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- Thread starter butz3
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cepheid

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First lets look at Kirchoff's Loop Rule, what we usually call Kirchoff's Voltage Law (KVL) in my class. It states that the sum of the potential differences around the loop must be equal to zero. In this case, that means that the voltage across the source is equal to the sum of the potential drops across the four resistors:

[tex] V_s - (V_1 + V_2 + V_3 + V_4) = 0 [/tex]

Let's talk about the current in the circuit. This being a loop (all elements in series), the current must be the same everywhere in the circuit. Detectors at any two different points along the loop should measure the same rate of charge per second flowing past, otherwise charge is piling up somewhere, or charge is not conserved. Since we have a steady current, and charge is conserved, the current is constant and equal to [itex] I [/itex] everywhere.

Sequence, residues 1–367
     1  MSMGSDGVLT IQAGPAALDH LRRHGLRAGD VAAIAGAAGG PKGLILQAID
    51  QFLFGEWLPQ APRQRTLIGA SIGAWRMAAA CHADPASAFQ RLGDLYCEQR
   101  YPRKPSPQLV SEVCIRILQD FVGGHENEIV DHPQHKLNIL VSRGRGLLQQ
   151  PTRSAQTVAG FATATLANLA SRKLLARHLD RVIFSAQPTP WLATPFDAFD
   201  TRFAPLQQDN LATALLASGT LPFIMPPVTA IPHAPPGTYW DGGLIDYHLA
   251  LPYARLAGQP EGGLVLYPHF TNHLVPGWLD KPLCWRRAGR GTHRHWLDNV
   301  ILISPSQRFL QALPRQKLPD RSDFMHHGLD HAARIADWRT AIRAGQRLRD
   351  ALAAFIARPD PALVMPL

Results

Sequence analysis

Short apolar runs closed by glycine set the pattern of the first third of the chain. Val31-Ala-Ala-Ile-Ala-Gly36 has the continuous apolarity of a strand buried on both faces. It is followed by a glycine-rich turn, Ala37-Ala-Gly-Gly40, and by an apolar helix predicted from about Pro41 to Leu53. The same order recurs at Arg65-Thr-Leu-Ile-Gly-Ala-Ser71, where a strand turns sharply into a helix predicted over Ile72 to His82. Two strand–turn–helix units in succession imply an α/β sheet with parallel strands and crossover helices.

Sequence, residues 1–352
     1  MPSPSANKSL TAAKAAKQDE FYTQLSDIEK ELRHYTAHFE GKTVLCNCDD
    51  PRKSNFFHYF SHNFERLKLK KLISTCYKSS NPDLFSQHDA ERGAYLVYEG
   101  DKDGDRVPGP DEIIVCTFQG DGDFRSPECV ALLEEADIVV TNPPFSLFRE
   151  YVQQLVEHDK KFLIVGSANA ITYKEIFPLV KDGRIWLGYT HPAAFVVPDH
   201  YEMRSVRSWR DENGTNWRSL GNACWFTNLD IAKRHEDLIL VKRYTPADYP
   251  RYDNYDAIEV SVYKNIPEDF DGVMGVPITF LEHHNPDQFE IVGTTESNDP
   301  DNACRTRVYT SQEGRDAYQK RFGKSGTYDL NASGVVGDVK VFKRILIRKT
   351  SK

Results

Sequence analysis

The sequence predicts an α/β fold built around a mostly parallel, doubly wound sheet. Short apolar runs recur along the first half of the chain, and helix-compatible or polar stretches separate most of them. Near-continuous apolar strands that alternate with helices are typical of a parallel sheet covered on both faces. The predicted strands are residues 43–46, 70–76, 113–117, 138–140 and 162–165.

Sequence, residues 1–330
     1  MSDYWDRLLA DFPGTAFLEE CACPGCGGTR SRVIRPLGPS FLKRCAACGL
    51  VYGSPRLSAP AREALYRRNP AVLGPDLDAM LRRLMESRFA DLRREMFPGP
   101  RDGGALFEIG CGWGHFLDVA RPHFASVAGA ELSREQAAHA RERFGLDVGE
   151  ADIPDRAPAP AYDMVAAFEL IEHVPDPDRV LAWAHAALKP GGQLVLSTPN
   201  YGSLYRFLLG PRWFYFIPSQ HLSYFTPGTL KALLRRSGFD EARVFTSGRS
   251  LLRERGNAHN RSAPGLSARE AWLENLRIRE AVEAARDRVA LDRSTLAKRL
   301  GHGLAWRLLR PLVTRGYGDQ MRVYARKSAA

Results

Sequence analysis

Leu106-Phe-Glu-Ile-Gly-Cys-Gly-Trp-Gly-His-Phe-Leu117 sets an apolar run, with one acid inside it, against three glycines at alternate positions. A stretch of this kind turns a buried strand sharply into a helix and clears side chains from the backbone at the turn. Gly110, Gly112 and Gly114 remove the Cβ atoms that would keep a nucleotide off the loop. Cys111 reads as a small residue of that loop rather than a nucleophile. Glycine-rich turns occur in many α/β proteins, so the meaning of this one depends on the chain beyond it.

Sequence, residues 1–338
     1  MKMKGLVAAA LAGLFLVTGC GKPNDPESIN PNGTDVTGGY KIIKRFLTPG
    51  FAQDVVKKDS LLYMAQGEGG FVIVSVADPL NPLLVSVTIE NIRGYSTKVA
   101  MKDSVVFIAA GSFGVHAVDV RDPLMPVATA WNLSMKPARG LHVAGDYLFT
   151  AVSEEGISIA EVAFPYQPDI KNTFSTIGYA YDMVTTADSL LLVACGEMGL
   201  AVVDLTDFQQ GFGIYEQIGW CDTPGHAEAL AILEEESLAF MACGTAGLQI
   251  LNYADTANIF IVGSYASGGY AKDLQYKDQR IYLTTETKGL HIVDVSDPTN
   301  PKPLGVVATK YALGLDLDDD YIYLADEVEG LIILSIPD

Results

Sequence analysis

Ohm's law tells us two things:

1. This total current [itex] I [/itex] in the circuit is equal to the voltage of the source divided by the total (or equivalent) resistance of the circuit:

[tex] I = \frac{V_s}{R_{eq}} [/tex]

[tex] \therefore \ \ V_s = R_{eq}I [/tex]

2. The potential difference (ie voltage drop) across each resistor is given by the current through it times its resistance:

[tex] V_1 = R_{1}I [/tex]

[tex] V_2 = R_{2}I [/tex]

[tex] V_3 = R_{3}I [/tex]

[tex] V_4 = R_{4}I [/tex]

Substitute the results of 1 and 2 (from Ohm's law) into the the very first equation (from KVL):

[tex] V_s - (V_1 + V_2 + V_3 + V_4) = 0 [/tex]

[tex] R_{eq}I - (R_{1}I + R_{2}I + R_{3}I + R_{4}I) = 0 [/tex]

Cancel out I and rearrange terms:

[tex] R_{eq} = R_{1} + R_{2} + R_{3} + R_{4} [/tex]

That's the result we were trying to prove.

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